JetBlue Airways (NASDAQ:JBLU) posted a string of incredible earnings results following the rollout of its Mint premium transcontinental service in 2014. More recently, the popular low-fare carrier fell into a bit of a rut, with slowing revenue growth and rising costs combining to pinch profits. As a result, adjusted pre-tax income -- which peaked at $1.2 billion in 2016 -- receded to just $654 million last year.

However, JetBlue is beginning to turn things around. A multiyear cost-cutting program is finally paying dividends, while unit revenue growth is starting to improve. Slightly lower fuel prices are helping, too. This allowed JetBlue to report stellar earnings growth in the second quarter -- and management expects similarly strong growth in the third quarter.

JetBlue Airways results: The raw numbers


Q2 2019

Q2 2018

Year-Over-Year Change


$2.11 billion

$1.93 billion


Total unit revenue

13.14 cents

12.74 cents


Cost per available seat mile excluding fuel

8.46 cents

8.32 cents


Adjusted pre-tax margin




Adjusted net income

$180 million

$119 million


Adjusted EPS




Data source: JetBlue Airways Q2 earnings release. Chart by author.

What happened with JetBlue Airways this quarter?

The main highlight of the second quarter was that JetBlue firmed up its long-haul expansion plans. In April, JetBlue announced that it would convert 13 Airbus (OTC:EADSY) A321neo orders to the A321LR variant, which can fly hundreds of miles further. The carrier said it would use these planes to begin flying nonstop from Boston and New York to London in 2021, confirming what everyone in the industry had long suspected.

In June, JetBlue went even further by agreeing to convert another 13 A321neo orders to the new A321XLR model that Airbus launched at this year's Paris Air Show. The Airbus A321XLR will have enough range to fly much deeper into continental Europe from the Northeast than the A321LR. It will also be capable of flying from South Florida to all of the major population centers in South America. Airbus will begin delivering the A321XLR in 2023.

These moves show that JetBlue sees plenty of room for growth on longer-haul routes. They also signal that the carrier is serious about deepening its competitive advantage in Boston -- where it is already the largest carrier -- by adding service to the top destinations in Europe.

JetBlue also continued to make progress on its cost-cutting plan last quarter. It has now locked in annualized savings of $257 million, up from $199 million six months ago. All of these savings should flow through to the bottom line by next year.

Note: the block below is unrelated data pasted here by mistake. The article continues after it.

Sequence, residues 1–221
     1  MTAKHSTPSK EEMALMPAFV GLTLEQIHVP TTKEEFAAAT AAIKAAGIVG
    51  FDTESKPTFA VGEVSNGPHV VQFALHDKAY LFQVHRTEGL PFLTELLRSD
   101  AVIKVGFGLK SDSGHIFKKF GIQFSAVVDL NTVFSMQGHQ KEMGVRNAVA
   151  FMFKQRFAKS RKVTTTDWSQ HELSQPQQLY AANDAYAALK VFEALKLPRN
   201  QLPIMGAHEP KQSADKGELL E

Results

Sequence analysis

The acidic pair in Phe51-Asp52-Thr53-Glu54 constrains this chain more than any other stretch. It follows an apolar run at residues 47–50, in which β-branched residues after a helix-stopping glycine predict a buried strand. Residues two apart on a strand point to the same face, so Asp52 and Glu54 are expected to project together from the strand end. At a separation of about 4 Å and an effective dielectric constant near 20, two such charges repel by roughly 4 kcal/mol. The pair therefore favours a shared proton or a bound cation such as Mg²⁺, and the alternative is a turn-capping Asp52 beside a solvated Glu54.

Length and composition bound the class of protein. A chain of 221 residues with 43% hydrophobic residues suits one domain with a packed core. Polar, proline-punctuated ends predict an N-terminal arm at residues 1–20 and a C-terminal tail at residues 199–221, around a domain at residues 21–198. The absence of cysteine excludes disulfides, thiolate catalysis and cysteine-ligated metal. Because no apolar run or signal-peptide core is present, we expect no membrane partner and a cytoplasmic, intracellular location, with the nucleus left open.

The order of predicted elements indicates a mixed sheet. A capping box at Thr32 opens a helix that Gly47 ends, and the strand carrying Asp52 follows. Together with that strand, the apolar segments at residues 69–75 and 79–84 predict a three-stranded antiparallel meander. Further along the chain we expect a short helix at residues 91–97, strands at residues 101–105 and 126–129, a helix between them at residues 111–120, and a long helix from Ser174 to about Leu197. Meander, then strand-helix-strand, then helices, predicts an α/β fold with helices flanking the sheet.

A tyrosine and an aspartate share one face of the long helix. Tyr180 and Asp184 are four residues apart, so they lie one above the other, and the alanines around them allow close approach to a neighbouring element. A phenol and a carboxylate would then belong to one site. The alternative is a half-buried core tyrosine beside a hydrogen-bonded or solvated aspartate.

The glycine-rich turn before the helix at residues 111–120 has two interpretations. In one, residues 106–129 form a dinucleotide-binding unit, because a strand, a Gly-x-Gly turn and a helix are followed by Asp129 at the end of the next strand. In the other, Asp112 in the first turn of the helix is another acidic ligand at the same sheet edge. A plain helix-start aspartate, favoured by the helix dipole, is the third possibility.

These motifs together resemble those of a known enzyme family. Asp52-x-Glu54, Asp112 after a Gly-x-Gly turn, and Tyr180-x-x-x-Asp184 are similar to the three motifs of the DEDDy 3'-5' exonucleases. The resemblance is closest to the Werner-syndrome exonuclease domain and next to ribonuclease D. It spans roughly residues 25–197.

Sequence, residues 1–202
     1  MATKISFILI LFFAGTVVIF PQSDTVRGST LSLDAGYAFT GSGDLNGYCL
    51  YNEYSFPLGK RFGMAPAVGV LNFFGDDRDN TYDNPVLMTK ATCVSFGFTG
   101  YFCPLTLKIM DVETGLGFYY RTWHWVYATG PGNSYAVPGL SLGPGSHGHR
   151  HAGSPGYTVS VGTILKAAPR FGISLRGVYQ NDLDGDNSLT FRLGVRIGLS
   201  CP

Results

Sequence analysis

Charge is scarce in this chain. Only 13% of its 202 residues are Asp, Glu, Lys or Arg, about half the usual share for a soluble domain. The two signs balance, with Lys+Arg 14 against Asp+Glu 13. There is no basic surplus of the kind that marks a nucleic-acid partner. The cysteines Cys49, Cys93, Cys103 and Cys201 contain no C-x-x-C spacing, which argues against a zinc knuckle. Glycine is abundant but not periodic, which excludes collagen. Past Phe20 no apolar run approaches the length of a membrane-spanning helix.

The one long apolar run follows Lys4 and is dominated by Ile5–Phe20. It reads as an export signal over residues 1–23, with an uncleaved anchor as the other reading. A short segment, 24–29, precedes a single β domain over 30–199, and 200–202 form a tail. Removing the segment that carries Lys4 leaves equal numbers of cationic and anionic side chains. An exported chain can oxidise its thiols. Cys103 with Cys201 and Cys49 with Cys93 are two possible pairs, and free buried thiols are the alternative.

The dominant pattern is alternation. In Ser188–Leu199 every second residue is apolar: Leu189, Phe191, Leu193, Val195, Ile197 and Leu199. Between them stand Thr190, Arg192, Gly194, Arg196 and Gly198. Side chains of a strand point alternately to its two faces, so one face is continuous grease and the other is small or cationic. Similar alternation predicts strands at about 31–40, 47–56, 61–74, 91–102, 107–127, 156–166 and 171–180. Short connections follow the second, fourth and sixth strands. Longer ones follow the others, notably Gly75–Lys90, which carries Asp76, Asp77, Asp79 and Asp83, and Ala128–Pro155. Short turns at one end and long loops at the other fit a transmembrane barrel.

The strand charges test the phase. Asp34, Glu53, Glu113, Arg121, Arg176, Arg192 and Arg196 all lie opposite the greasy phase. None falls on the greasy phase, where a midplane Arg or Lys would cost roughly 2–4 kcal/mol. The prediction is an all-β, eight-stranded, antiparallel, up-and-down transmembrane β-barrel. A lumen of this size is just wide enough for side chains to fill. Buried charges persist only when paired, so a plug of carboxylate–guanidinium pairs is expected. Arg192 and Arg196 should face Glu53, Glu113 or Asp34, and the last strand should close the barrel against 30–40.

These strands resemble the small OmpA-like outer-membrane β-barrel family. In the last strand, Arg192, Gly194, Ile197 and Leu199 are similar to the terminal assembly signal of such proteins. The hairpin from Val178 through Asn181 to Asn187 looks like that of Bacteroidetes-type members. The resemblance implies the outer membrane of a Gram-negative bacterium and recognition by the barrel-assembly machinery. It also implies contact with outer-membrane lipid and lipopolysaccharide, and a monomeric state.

What management had to say

JetBlue's management was understandably pleased with the carrier's sharply improving earnings trajectory. CEO Robin Hayes stated:

Thanks to the hard work of our crewmembers, JetBlue is consistently recognized as one of the best airlines in the world. We are excited with the progress we are making on our 'building blocks' and toward our 2020 financial goals. As we look to the second half of 2019, we expect a return to margin expansion and EPS growth.

CFO Steve Priest added:

We have made significant progress in our Structural Cost Program over the past six months. ... We are pleased to have recently signed a long-term engine maintenance agreement covering over half of our V2500 engines, which serve our current Airbus fleet.

Looking forward

JetBlue expects revenue per available seat mile (RASM) to rise 0.5% to 3.5% in the third quarter. At the midpoint of the range, that would be slower than the 3.1% RASM gain it reported for the second quarter. However, adjusting for a shift in the timing of Easter and Passover, JetBlue's unit revenue would have increased less than 1% last quarter.

A JetBleu Airways plane preparing to land

JetBlue expects solid unit revenue growth to continue this quarter. Image source: JetBlue Airways.

Meanwhile, JetBlue expects a 0.5% to 2.5% increase in adjusted non-fuel unit costs, driven entirely by maintenance and marketing costs shifting from the first half of the year. Fuel prices are on track to decline again, falling to $2.18 per gallon from $2.32 per gallon a year earlier.

Based on the midpoint of this guidance, adjusted earnings per share would soar to around $0.67 from $0.43 in the prior-year period. EPS could plausibly vary from that estimate by about $0.10 in either direction, though.

Regardless, the forecast points to another quarter of strong earnings growth. And with cost trends on track for further improvement over the next several quarters, management is confident that JetBlue will reach its 2020 adjusted EPS target range of $2.50 to $3.00.

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